It usually takes the business world a while to catch up and understand the value of new ideas and innovative practices coming from the academic community. The intrinsic value of internal branding has been discussed for many years on campuses around the world, but it finally took a five-year study to prove the point fiscally. Recent studies prove that effective communications plays a significant role in delivering a total shareholder return of as much as 29.5%. These numbers are powerful proof that employees like to be involved with the business in many ways. Unfortunately, the opposite is true. Organizations with poor communications have a negative 15% total shareholder return against comparable businesses.
Businesses spend tens of millions of dollars on external marketing communications plans only to have leads sit on a desk or the prospect under-whelmed by the first impression of a colleague. We all sit and wonder why the ad campaign didn’t work, the finger pointing begins and the ad agency is fired or even worse, you are.
Internal brand communications is certainly not a difficult concept to grasp, however the methods by which we communicate and what we share may be. Keep in mind that this is not a marketing or human resource issue, it must be a company wide initiative. Employees want to know where the company is headed strategically, financially and from a community standpoint. Employees like to see their names in newsletters and in e-mails, sharing the news connect people to people. You will find that throughout this post, we site specific methods of sharing information by well known brands and the importance of such communications in corporate structures.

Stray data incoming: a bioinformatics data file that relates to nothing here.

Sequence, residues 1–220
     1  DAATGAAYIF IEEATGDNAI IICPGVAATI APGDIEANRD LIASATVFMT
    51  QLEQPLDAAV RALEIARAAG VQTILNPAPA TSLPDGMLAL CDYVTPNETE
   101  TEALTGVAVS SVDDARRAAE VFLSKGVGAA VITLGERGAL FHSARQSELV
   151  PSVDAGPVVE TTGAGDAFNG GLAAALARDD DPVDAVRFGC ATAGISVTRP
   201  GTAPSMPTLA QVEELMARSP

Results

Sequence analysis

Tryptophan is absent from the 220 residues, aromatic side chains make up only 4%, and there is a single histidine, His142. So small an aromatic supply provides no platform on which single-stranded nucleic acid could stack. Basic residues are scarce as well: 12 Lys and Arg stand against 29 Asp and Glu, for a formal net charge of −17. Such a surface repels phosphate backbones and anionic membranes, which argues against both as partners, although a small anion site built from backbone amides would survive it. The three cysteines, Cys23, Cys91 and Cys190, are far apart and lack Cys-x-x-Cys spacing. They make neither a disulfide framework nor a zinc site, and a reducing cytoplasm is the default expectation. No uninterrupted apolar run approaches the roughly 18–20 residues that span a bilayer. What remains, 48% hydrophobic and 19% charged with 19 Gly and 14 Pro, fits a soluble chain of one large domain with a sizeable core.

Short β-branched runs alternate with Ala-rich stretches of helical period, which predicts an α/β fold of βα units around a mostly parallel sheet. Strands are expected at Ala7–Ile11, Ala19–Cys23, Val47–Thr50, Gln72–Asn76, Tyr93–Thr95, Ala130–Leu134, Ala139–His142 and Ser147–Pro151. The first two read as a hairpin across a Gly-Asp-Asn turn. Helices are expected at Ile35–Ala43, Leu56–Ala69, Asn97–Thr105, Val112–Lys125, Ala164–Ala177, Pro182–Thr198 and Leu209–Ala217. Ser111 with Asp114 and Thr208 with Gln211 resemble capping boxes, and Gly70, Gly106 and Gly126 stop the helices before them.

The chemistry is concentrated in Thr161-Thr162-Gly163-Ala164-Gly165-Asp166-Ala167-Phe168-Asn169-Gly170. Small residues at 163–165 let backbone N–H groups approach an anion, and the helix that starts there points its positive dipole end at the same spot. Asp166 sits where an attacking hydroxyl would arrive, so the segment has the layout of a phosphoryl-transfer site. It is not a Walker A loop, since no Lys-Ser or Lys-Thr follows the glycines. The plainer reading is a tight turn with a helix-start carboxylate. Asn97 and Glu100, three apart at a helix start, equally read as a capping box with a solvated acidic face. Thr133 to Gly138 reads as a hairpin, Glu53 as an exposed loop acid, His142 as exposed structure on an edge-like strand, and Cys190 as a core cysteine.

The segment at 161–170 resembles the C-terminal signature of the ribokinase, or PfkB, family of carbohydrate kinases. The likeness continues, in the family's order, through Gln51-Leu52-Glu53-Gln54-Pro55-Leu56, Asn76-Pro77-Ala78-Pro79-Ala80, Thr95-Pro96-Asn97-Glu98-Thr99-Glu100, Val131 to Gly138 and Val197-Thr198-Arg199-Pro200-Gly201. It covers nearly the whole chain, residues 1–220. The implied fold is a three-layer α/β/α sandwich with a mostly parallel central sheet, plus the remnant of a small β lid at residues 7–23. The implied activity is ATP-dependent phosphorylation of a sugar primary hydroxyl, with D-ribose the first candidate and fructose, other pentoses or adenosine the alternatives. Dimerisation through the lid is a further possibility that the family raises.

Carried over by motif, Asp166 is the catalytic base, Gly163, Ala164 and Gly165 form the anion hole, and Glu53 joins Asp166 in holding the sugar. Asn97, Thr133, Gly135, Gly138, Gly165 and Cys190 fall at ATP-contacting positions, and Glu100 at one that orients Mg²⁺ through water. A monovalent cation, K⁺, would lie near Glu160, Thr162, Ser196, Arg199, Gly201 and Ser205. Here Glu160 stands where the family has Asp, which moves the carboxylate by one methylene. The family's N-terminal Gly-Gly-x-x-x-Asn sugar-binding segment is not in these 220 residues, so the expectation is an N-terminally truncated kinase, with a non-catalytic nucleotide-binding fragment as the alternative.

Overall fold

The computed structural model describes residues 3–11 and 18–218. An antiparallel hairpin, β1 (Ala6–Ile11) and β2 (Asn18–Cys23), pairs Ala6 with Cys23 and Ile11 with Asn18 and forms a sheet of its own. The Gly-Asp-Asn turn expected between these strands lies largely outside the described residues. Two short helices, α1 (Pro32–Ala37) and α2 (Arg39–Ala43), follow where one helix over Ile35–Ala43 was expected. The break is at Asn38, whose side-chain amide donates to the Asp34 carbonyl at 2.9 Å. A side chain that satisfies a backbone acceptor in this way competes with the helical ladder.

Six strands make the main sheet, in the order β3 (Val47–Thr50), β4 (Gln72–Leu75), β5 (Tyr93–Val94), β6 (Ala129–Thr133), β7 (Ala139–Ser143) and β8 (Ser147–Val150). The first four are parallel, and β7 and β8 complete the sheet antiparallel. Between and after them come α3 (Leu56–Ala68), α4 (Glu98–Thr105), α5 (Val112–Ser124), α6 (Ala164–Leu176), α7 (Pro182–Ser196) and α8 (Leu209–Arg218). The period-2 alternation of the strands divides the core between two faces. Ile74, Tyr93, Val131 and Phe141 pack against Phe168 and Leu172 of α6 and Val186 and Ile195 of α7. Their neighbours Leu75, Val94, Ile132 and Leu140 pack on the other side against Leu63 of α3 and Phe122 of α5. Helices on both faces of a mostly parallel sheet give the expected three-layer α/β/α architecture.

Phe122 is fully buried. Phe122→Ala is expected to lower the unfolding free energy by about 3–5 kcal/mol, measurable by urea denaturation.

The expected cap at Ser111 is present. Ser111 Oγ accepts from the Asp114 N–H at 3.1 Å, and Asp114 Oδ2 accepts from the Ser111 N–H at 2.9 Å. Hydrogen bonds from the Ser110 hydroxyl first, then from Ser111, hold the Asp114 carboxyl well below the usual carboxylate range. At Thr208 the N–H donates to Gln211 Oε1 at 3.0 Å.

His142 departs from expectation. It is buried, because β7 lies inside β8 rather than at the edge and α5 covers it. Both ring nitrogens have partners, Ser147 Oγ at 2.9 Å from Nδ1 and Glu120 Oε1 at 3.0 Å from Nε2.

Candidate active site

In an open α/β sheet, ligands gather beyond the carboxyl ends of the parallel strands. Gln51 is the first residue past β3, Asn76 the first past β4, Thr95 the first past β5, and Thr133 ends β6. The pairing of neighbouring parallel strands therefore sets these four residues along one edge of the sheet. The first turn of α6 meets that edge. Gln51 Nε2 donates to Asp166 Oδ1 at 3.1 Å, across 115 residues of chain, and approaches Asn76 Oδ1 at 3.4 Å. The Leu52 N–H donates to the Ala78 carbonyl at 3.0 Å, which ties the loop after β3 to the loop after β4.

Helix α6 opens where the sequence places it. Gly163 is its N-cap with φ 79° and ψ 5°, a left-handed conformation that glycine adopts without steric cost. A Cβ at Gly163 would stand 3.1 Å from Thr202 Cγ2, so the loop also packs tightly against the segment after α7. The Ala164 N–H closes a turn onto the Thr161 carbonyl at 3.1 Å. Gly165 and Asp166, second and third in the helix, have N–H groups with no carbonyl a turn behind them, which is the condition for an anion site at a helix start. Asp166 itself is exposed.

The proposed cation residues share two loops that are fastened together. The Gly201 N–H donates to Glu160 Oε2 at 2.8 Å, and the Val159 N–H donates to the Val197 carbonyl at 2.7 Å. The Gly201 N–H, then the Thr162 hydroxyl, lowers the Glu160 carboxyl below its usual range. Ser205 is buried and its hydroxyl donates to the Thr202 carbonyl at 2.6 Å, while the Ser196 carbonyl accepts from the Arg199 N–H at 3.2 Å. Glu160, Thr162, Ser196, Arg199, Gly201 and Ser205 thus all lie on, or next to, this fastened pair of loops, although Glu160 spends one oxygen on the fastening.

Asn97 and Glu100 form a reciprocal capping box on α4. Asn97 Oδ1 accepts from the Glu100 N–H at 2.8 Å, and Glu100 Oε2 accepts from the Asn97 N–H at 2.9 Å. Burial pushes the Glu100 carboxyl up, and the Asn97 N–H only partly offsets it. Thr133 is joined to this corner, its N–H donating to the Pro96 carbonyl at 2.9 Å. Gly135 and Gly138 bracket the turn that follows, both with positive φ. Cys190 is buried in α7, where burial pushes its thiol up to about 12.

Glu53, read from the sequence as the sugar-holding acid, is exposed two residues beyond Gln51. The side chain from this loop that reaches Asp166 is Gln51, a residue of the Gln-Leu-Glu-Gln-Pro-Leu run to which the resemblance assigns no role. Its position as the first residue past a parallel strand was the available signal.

Many of us have experienced eyewitness accounts of colleagues and employees not delivering the company “brand promise”, it can be both frustrating and more importantly financially draining to the business. We’ve all experienced walking into a retail environment only to be disappointed by the way we were treated, we tell our friends and family and they spread the bad news. The ripple effect can be devastating to the business.
So how do we change it? Strong leaders, across the company buy-in, making the emotional connection, communicating a million ways and holding people accountable are the keys to a successful and effective communications program.